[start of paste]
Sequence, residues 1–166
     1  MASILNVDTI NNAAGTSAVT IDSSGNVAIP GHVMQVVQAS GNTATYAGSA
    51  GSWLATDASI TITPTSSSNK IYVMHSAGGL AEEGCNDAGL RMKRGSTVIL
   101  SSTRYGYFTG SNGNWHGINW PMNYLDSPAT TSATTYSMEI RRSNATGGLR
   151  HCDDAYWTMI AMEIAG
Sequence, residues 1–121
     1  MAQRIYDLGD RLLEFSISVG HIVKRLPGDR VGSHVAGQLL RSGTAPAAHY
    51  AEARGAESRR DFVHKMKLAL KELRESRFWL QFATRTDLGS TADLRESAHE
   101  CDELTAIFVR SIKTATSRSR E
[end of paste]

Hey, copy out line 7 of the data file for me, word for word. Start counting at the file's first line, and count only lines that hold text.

     1  MAQRIYDLGD RLLEFSISVG HIVKRLPGDR VGSHVAGQLL RSGTAPAAHY